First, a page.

We’re popping down to the Sunny South East this week at the same time as all of the music revelers™ making their way to All Together Now, praying for blue skies and some of that famous sun. As another sold out festival hits the circuit in only its second year, it’s clear that there’s still room for a festival with a good vibe and a cracking lineup. But the concert calendar in Ireland looks pretty crowded this summer – or is it possible that our appetite for live music in a field is insatiable? And what about the tickets to those gigs? When people were losing their minds over tickets to Lizzo’s show in the Olympia vanishing in seconds, only to be resold by Ticketmaster at inflated prices, it rightly shone the light again on how tickets are being sold in this country.
We’ll be talking to RTE Brainstorm’s Jim Carroll about what’s going on with these ‘platinum’ tickets and that packed festival calendar, along with journalist Amy O’Connor, who will be filling us in all about the Déise.
This week we’re off to Ireland’s smallest county to talk about trees. Listen up, this is an important story that isn’t getting the coverage it deserves. We speak to Save Leitrim about why they’re campaigning against particular forestry projects and enterprises, and we hear about the impact this is all having on the county.
In glorious news, Louise McSharry is our very special guest host this week. ALL HAIL LOUISE. Andrea is back next week to reclaim her throne.
Our County Rep this week is Katherine Lynch, who is repping Leitrim HARD.
Una and Louise choose their fave bits, Louise selects the tuna chicken roll, and our youngest ever guest joins us in studio. That’s right, Louise’s new baby, Ted, is here to make his voice heard.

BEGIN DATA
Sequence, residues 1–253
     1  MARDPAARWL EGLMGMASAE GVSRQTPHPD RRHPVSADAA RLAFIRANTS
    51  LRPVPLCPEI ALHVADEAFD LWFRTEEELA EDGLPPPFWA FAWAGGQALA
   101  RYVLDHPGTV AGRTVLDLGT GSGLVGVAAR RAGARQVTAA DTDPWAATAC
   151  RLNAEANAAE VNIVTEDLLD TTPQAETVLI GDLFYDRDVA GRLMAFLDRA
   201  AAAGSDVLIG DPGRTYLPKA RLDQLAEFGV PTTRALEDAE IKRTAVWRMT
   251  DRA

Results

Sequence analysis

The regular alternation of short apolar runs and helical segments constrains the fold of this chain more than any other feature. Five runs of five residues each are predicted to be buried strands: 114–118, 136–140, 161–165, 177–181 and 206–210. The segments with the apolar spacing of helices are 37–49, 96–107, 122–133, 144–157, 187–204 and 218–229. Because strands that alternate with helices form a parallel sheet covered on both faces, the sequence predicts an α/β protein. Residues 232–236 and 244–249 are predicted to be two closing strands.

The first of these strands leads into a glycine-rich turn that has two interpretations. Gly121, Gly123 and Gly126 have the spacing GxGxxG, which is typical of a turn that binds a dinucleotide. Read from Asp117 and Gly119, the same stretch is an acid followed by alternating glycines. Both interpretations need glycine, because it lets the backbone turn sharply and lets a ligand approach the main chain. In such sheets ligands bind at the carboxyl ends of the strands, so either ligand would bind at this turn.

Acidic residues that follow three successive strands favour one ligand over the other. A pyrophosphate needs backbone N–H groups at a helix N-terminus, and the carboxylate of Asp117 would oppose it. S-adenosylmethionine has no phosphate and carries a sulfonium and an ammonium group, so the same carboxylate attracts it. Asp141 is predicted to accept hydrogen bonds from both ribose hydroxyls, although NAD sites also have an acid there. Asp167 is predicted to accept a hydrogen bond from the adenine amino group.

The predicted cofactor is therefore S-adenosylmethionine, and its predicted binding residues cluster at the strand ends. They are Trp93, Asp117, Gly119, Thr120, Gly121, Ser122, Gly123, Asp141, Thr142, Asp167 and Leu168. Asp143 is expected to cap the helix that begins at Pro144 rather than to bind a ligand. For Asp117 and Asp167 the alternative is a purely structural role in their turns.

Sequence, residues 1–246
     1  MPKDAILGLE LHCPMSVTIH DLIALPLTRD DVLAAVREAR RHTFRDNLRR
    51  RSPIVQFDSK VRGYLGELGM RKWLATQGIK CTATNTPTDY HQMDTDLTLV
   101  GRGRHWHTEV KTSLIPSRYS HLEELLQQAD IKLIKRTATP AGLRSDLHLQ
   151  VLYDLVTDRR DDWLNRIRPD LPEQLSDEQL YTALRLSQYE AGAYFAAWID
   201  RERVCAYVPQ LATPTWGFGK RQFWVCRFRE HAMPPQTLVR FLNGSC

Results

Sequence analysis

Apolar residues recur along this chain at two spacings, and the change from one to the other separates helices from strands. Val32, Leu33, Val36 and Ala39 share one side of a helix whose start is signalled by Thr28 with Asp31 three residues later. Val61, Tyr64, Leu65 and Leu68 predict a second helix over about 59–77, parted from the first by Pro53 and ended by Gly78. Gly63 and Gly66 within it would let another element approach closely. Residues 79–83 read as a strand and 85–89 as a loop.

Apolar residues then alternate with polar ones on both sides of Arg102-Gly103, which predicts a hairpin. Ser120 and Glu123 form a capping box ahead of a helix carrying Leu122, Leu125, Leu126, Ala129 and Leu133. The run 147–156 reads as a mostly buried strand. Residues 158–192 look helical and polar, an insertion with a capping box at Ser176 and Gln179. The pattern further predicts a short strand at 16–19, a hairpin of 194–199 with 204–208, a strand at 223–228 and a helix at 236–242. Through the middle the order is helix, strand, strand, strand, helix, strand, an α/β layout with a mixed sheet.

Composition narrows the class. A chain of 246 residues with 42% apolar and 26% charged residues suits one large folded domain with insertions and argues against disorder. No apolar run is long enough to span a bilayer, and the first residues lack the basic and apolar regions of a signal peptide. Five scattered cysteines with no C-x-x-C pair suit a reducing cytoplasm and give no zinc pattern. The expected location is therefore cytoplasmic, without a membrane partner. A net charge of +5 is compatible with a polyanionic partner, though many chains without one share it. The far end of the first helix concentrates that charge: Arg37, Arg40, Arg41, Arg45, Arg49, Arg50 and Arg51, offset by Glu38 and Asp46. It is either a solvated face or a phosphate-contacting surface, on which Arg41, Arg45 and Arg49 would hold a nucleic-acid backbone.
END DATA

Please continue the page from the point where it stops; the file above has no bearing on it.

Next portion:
On April 18th, 2019, journalist Lyra McKee was shot dead during rioting in the Creggan area of Derry. On this episode about what happened next, Lyra’s partner, Sara Canning, talks about the night Lyra was murdered and how her death impacted her, her community, and Derry itself. We also discuss the protests that emerged in response to Lyra’s murder with Lyra’s friend, Sinead Quinn. One of the most respected journalists in the country, Susan McKay, is in studio to discuss the social, political and economic context of her hometown Derry, and she also gives us added insight into the significance of Lyra’s journalism, and her own relationship with Lyra. Our County Rep this week is the brilliant Séamas O’Reilly, a writer with The Observer and the Irish Times, who delivers a beautiful ode to Derry.
This episode examines the legacy of an incredibly talented young journalist murdered in her prime, and what it’s really like to grow up in a place where things like this happen, and how Derry is potentially on the precipice of even more difficulties with Brexit looming. But it’s also about a place of tremendous spirit, creativity, humour and resilience.
We’d like to especially thank Sara for being so honest and generous with her time while she is still grieving her partner. Rest in Power,